4) Establishing Rules for Processing Sensitive Personal Information PIPL stipulates that the processing of sensitive personal information should be for a specific purpose and necessity, and separate consent must be obtained from the individual concerned. In addition, the Processor must inform the individual of the necessity and impact on his/her rights and interests except for certain circumstances where PIPL excepts the disclosure.

5) Establishing Duties, Scope, and Limit of Processing Personal Information by Authorities PIPL also provides special provisions related to circumstances when Government authorities need to process personal information when performing their statutory duties. In this scenario, the principle of transparency should be applied unless the processing should be kept confidential by law, or the informing will hinder the authorities from performing their statutory duties. If it is necessary to provide personal information to an overseas party, a security evaluation will be conducted before transmitting the personal information overseas.

6) Establishing Rules for Cross-border Provision of Personal Information If a Processor needs to provide personal information outside the territory of China due to business or other needs, the Processor should ensure that it meets any of the following conditions:

  • Pass the security evaluation by the Cyberspace Administration of China;
  • Be certified by a specialized agency for protection of personal information according to the provisions of the Cyberspace Administration of China;
  • Enter into a contract with the overseas recipient under the standard contract formulated by the Cyberspace Administration of China, specifying the rights and obligations of both parties; or
  • Meet other conditions prescribed by laws, administrative regulations, or the Cyberspace Administration of China

Besides meeting one of the above conditions, the Processor should also:

  • inform the individual of the overseas recipient’s name, contact information, purpose and method of processing, type of personal information.
  • Provide the method and procedure for the individual to exercise his/her rights against the overseas recipient; and
  • Obtain the individual’s separate consent.

Where there are international treaties or agreements in place, the relevant provisions on the conditions for the provision of personal information outside China may prevail. It is worth noting that PIPL also extends its application to overseas organizations or individuals if they are found to be infringing the personal information rights and interests of Chinese citizens or endangering the national security and public interests of China. Under such circumstances, the overseas organization or individual concerned may be added, by the Cyberspace Administration of China, to the list of subjects prohibited or restricted from receiving personal information. Any Processor outside China should designate a representative in China to be responsible for handling matters relating to personal information protection. The representative’s name and contact information should be submitted to the relevant authorities in China.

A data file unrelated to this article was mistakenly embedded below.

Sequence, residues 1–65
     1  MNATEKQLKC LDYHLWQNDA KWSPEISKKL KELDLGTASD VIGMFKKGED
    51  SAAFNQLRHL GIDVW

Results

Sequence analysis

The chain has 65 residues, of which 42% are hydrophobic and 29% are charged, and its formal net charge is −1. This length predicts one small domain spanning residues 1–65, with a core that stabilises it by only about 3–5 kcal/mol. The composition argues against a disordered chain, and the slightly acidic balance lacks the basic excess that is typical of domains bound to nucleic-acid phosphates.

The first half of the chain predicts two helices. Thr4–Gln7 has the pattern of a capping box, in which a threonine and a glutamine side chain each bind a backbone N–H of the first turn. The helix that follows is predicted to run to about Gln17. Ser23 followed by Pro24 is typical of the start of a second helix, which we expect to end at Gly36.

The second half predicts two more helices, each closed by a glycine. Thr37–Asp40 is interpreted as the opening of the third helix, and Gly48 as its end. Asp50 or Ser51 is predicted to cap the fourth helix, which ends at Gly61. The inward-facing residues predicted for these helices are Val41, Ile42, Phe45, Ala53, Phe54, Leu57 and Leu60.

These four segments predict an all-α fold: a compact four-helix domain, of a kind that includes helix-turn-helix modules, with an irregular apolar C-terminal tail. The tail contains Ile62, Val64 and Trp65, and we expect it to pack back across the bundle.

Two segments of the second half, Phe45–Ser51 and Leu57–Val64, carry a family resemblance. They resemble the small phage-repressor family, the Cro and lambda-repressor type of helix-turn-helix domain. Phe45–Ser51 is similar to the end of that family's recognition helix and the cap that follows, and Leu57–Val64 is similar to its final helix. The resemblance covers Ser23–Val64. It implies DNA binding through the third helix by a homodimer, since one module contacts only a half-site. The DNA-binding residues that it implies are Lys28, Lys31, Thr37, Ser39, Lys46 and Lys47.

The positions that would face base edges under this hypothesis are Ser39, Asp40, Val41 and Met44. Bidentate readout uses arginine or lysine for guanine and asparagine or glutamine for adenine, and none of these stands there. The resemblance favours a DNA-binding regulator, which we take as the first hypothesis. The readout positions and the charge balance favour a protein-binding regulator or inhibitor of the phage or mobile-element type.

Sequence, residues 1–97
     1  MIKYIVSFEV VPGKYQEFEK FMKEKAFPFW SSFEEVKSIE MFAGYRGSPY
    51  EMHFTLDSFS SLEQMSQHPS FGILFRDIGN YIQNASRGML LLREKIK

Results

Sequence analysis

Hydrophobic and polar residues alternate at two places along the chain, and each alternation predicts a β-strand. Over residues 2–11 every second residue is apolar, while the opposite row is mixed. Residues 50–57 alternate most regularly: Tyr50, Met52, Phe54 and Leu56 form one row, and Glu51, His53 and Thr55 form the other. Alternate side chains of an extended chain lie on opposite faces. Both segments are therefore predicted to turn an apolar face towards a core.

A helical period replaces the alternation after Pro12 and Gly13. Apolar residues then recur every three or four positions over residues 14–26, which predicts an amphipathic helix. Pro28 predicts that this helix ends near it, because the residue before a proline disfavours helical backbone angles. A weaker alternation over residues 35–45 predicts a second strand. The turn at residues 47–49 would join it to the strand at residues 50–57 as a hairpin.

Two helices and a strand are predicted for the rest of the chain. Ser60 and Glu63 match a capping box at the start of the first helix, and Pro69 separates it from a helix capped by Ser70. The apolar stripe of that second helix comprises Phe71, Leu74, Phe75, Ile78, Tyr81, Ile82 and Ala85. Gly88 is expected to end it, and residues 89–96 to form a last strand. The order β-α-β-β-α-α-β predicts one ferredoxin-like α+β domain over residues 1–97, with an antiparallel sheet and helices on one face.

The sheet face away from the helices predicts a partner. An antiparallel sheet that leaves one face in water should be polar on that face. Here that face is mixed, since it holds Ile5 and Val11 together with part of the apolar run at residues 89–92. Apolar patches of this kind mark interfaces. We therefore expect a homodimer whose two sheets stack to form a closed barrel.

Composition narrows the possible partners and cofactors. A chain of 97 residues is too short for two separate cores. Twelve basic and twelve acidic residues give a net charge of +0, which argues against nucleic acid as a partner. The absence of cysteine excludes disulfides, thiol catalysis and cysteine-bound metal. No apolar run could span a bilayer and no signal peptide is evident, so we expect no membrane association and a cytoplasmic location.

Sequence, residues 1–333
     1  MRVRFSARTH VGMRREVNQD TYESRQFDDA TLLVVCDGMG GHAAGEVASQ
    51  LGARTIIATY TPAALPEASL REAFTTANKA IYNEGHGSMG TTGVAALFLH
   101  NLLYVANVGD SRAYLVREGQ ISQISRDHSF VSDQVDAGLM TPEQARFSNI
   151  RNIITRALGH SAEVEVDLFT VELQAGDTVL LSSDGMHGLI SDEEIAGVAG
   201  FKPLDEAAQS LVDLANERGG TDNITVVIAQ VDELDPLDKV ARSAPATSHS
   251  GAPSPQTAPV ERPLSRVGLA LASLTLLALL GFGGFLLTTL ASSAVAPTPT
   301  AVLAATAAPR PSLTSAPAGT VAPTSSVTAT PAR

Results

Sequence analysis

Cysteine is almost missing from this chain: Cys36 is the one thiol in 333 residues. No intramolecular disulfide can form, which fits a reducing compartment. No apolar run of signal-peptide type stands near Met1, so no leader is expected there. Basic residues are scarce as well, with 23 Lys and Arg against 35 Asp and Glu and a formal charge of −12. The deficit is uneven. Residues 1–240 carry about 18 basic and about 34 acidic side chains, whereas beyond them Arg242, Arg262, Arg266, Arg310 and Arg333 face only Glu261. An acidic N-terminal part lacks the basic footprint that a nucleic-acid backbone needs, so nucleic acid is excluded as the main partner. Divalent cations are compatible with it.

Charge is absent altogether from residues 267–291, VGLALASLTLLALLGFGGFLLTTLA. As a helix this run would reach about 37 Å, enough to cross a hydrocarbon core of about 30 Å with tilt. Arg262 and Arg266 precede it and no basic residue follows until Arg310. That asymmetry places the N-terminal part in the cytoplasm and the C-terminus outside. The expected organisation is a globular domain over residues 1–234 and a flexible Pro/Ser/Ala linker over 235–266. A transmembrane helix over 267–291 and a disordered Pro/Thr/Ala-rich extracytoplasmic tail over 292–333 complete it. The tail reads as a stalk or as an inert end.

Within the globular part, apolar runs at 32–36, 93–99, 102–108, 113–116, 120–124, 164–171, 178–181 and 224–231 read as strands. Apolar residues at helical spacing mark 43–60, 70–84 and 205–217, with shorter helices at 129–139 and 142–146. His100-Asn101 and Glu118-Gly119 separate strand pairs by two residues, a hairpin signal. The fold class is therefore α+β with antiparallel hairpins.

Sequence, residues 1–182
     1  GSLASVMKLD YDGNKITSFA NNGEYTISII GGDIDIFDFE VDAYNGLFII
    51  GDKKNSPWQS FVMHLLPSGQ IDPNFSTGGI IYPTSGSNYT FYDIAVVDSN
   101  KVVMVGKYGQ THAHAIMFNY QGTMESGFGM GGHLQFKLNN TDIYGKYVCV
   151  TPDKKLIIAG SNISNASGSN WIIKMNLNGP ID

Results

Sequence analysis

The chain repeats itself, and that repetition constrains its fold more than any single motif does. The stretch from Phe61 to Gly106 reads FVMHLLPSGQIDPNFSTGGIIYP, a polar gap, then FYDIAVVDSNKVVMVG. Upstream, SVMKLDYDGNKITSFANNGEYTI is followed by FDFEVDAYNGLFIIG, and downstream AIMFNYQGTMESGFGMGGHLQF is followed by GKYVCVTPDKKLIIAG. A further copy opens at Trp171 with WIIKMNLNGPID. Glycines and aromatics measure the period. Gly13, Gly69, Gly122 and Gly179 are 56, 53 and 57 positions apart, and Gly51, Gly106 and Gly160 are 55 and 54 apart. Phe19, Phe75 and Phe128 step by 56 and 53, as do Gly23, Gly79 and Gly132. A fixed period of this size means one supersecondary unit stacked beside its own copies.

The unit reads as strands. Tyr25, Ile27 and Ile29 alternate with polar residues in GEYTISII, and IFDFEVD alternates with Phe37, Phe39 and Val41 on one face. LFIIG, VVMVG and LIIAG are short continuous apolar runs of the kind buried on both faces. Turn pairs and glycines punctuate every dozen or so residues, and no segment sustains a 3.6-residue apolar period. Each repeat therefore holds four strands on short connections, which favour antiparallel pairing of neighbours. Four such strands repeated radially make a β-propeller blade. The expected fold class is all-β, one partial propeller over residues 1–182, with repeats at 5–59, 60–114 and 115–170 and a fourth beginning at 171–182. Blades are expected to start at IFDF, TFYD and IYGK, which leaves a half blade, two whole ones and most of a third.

7) Strengthening Obligations of Personal Information Processors

To protect personal information, PIPL requires Processors to take the following actions:

  • Formulate internal management systems and operating procedures
  • Categorize personal information
  • Implement encryption and de-identification method
  • Conduct personal information security education and training
  • Devise emergency plans for personal information security incidents
  • Conduct compliance audits regularly on its processing of personal information
  • Conduct an impact assessment on personal information protection beforehand under certain circumstances listed by PIPL


Following the promulgation of China’s Civil Code, Cyber Security Law, and E-commerce Law, China subsequently rolled out the Data Security Law and Personal Information Protection Law, signifying its commitment to construct a comprehensive legal framework for data compliance in a steadfast manner. We envisage there will be more laws and regulations on data compliance in the near future. The implementation of PIPL will raise a higher level of compliance requirements to be met by foreign companies operating in China. All foreign-invested companies should set up a specialized task force to carry out data compliance work and establish relevant rules and regulations for handling the personal information of employees, customers, suppliers, and other relevant stakeholders. In particular, we have listed a few recommended actions:

  • Educate the management and employees about the PIPL
  • Improve the company’s internal policy regarding employee’s personal information processing and protection
  • Review the current IT infrastructure and apply necessary upgrades to the IT system based on the requirements mandated by PIPL.
  • Review the company’s business processes and identify areas where personal information of its business partners (such as suppliers or customers) is processed and make amendments to relevant external documents to ensure the fulfillment of its disclosure obligations
  • Carry out an impact assessment on the use of sensitive personal information for automated decision-making, public disclosure, and cross-border transmission
  • Formulate emergency response measures on personal information incidents